David Acton is an excellent Duncan, whose throne is a wheelchair, signifying his physical vulnerability – with his murder (oops, spoiler!) the production loses one of its best actors.  Also strong is Raphael Sowole as Banquo, thoroughly credible and handling the blank verse with a natural feel.

Why then, with its jump scares, sudden loud noises and plunges into darkness, its scary movie sound effects and atmospheric underscore, does this production not grip me?

For once, the fault is in our stars.  Making his RSC debut in the title role is one of television’s most proficient actors, the ninth Doctor himself, Christopher Eccleston, no less.  Will he be able to bring his intensity, his charisma, his sensitivity to the stage?  Short answer: no.  Eccleston’s performance is highly mannered, coming across as though he’s learned the dynamics along with the lines: Say this word loud, Chris, speed this bit up… The result is it doesn’t sound as if he believes what he says and so we are not convinced.  Faring somewhat better is Niamh Cusack as his Mrs, but we don’t get the sense of her decline, we don’t get the sense that she is ever in control – she’s too neurotic from the off – and yet, when it comes to the sleepwalking scene, we don’t get the sense that she has lost it.

There are moments when the setting works brilliantly – an upper level serves as banqueting table, allowing for a kind of split-screen effect.  There are moments when it doesn’t: the pivotal scene between Malcolm (Luke Newberry) and Macduff (a becardiganed Edward Bennett) is like the Head Boy having a one-to-one with the Head of Year in his office.  And there are times when Findlay doesn’t push the horror (or the suggestion of horror) quite far enough.  The slaughter of Macduff’s family pulls its punches, and we don’t get to behold the tyrant’s severed head.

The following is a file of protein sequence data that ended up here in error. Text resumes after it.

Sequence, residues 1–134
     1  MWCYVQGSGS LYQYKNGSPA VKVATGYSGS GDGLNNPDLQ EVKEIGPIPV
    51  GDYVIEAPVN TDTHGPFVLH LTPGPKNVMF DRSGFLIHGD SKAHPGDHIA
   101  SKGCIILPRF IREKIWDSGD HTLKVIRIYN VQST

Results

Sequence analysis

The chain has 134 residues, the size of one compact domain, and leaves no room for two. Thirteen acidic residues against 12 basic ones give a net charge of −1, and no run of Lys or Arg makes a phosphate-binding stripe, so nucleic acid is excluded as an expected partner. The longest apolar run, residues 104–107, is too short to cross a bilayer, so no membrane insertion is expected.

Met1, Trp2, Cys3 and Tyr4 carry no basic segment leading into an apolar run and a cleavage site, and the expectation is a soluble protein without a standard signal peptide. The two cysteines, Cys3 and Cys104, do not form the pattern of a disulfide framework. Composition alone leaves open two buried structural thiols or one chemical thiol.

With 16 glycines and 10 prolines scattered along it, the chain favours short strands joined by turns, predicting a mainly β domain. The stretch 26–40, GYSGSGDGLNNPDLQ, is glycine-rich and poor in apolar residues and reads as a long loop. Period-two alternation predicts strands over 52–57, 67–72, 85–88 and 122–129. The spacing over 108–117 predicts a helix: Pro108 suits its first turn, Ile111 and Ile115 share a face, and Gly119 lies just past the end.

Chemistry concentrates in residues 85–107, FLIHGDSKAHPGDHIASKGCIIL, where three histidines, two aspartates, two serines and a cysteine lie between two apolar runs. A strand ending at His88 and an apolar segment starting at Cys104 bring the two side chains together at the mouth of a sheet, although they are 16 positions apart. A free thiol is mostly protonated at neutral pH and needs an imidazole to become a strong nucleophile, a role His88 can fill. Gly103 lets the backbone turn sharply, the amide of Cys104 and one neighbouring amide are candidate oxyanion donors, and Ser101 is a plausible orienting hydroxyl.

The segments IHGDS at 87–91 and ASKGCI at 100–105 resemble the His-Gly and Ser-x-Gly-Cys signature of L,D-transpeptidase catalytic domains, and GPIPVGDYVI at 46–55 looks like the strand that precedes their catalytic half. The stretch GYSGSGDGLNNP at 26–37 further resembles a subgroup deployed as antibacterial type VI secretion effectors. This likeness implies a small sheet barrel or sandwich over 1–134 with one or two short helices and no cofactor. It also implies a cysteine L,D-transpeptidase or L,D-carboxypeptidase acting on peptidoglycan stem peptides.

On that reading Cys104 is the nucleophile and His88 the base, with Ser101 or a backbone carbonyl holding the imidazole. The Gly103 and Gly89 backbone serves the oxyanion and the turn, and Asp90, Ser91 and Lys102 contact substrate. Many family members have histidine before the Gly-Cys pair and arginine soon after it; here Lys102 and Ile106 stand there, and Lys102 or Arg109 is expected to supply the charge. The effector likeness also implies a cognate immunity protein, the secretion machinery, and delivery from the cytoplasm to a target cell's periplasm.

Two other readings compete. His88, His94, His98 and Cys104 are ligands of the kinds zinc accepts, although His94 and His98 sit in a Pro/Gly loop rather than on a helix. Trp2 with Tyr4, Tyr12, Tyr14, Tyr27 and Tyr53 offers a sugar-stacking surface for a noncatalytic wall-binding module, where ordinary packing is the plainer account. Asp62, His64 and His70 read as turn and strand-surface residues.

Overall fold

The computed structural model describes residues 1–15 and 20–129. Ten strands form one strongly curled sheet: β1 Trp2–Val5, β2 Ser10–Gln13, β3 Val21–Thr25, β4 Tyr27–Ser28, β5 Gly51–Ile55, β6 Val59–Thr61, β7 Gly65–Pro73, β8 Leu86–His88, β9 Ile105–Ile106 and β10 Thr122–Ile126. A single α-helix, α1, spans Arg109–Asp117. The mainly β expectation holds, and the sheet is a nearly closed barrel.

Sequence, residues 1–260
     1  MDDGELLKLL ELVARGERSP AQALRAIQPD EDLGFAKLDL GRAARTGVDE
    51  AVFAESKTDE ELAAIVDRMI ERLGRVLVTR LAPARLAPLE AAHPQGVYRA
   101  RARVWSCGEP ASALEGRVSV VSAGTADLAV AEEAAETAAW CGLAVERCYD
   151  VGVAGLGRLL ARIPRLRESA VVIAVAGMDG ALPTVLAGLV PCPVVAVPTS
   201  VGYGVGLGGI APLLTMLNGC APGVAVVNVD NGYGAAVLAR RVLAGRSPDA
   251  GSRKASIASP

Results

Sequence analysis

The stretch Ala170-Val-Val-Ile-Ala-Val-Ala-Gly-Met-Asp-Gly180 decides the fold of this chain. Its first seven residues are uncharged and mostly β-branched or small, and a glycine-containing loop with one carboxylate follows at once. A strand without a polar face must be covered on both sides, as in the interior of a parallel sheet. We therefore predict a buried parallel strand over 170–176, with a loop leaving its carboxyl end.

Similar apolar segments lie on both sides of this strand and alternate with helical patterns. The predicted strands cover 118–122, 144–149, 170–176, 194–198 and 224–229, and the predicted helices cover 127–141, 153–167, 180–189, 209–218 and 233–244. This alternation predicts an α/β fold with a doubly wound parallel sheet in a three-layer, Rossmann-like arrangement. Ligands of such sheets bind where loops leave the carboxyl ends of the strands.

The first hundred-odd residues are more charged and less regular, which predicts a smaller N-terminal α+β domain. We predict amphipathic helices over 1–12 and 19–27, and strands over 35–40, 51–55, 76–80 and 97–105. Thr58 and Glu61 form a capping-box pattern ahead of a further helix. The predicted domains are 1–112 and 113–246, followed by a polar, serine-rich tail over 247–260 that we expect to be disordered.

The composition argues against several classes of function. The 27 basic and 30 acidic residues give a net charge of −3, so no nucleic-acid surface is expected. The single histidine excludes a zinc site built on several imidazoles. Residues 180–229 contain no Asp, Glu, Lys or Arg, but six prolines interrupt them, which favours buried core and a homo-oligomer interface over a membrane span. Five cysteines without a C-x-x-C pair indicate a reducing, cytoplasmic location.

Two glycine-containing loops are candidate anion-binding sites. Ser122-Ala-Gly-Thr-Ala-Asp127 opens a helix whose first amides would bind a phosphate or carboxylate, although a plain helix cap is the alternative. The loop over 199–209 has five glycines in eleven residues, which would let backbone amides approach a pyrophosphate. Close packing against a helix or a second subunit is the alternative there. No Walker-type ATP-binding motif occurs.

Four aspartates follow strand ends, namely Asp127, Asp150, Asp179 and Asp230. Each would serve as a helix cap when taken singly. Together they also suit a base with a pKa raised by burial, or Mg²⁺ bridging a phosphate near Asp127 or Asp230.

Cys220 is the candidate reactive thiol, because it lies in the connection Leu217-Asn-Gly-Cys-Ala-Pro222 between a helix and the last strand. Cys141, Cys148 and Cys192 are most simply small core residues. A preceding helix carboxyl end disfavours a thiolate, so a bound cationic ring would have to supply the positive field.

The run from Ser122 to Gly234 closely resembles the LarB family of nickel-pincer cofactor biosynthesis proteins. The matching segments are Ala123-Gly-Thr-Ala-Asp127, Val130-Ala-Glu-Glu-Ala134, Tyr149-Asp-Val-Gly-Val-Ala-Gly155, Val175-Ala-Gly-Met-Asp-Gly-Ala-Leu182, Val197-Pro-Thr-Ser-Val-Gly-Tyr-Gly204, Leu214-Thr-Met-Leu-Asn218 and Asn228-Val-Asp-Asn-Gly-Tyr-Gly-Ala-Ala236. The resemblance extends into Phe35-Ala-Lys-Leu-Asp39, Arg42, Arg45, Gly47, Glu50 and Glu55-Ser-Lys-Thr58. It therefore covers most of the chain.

A timer ticks away the length of Macbeth’s reign and there is the implication that events will repeat themselves once young Fleance gets to work – along with the three creepy girls, of course.

This is a production with lots of ideas tossed into the cauldron and, while some of it works like a charm, the overall effect falls short of spellbinding.

Macbeth production photos_ 2018_2018_Photo by Richard Davenport _c_ RSC_245921

Screwing their courage to the sticking place: Niamh Cusack and Christopher Eccleston (Photo: Richard Davenport)

 


Marley and E

A CHRISTMAS CAROL

Royal Shakespeare Theatre, Stratford upon Avon, Monday 18th December, 2017

 

Do we need yet another version of Charles Dickens’s perennial classic?  The RSC and playwright David Edgar think we do, but what can they bring to this well-worn table?  Is there anything fresh to be said?

Yes, quite a bit, as it turns out.